Farm Loan Arbor Tree Nursery

Silviculture / Forest Protection / Managing insect pests
Why Farm Forestry
Why Plant Trees
Markets for products & services
Designing a Farm Forest

Managing insect pests

Silvicultural methods
Ideally, choosing tree species that are suited to the local environment is best, as the local ecology will help reduce any insect pest outbreaks. Vigorous, healthy plants will either be less likely to sustain an attack or if so, will deal with it better than stressed, poorly-growing trees. Regular thinning and pruning may reduce attack in some circumstances, especially if trees are attacked by caterpillars, making it more difficult for infestations to spread from tree to tree. Debarking trees immediately after felling may reduce attacks of wood-boring beetles.

Natural enemies
Often the natural enemies of insects will effectively control small, periodic outbreaks including predators, parasitoids and pathogens. Ensuring that the understorey is diverse as possible will help encourage populations of natural enemies.

Chemical control methods
Repeated chemical spraying is expensive, unhealthy to humans, animals and the environment in general, and can cause some pests to increase in abundance by killing natural predators, such as other insects, spiders and lizards. Broad action insecticides that are sprayed repeatedly create a situation in which there is intense selection pressure for resistant individuals. Those insects that survive from regular and intense spraying will produce offspring that will also survive. These individuals can then proliferate in an insecticide treated area. Judicious use of chemical insecticides, combined with cultural methods that encourage natural control will offset the expansion of resistant insect pests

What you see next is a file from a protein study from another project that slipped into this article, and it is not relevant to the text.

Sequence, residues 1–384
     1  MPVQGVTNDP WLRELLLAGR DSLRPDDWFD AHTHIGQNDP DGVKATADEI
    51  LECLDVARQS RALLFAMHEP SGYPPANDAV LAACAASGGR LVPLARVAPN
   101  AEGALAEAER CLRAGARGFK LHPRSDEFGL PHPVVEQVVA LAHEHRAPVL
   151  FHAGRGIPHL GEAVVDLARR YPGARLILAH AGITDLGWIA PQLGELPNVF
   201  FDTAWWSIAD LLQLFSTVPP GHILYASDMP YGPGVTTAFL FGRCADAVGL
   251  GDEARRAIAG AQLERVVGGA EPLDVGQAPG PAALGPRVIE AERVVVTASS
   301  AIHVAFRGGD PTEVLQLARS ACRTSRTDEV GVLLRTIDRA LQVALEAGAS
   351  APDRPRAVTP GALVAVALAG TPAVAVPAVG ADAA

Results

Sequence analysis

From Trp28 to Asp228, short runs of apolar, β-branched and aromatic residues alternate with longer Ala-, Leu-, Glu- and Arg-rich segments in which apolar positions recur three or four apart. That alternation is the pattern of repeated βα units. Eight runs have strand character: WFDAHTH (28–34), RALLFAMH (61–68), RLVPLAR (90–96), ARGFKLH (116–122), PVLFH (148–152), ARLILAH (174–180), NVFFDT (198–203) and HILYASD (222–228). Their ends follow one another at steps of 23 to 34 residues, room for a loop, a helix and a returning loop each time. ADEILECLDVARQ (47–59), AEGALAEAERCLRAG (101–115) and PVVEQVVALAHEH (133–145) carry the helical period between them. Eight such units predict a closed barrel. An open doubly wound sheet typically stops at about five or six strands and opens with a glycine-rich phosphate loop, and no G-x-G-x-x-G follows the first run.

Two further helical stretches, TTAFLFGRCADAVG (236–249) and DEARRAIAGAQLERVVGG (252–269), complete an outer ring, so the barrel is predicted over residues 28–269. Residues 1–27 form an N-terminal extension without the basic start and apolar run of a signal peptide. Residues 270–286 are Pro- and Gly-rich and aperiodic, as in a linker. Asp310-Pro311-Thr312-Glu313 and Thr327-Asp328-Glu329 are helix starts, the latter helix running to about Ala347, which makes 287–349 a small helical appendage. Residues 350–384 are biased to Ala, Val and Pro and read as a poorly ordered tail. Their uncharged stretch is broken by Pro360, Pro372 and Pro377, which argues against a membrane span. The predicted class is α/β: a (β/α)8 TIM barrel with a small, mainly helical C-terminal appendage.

The decision process involved when undertaking insect control is not straightforward and can require detailed knowledge of the insects’ biology. Correctly identifying the pest is very important. Similar-looking pests may require different control methods. Some insects are nocturnal or live in the soil and are not necessarily present when damage inspection is taking place. Similar damage to leaves and seedlings can be caused by both insects and mammals, and birds may be responsible for pulling up seedlings by their roots. Knowing when to apply chemical or microbial insecticide is important, as applications need to be carried out before the population has reached damaging proportions.

Planting trees to reduce the impact of pests

Back to top

Farm Forest Line © 2014 | Disclaimer